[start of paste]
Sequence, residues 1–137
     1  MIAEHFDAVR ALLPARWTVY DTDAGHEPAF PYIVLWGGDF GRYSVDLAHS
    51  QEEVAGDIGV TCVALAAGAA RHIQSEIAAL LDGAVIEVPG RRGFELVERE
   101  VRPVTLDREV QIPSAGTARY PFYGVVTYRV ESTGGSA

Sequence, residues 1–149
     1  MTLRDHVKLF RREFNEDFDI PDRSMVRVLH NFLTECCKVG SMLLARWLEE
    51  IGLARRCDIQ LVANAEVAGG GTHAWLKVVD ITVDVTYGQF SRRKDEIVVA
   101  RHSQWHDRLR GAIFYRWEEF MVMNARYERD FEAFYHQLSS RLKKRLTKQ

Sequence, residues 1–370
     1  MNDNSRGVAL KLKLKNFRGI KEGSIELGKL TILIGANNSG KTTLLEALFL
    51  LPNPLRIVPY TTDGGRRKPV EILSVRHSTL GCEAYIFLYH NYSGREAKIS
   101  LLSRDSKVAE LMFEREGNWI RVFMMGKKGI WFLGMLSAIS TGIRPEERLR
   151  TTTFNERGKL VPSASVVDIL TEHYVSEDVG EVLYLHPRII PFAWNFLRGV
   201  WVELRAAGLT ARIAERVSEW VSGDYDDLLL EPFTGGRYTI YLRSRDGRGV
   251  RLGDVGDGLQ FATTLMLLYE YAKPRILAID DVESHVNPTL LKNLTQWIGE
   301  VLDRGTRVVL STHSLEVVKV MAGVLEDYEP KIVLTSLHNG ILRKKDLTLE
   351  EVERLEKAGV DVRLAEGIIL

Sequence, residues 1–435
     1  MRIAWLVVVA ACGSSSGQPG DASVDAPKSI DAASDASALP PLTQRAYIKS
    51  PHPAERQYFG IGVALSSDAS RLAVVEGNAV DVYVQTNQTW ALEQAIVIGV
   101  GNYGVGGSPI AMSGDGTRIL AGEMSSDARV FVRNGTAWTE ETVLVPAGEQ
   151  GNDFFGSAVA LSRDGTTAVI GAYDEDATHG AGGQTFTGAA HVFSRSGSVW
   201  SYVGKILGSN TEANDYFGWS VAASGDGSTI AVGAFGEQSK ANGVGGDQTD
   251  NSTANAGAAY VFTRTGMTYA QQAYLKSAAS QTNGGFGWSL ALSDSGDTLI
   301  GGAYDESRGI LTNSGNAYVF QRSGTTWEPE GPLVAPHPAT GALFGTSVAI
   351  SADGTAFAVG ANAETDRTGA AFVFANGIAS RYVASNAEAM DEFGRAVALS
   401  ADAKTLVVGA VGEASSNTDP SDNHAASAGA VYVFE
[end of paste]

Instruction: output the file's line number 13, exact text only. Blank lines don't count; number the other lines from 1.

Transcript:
   151  TTTFNERGKL VPSASVVDIL TEHYVSEDVG EVLYLHPRII PFAWNFLRGV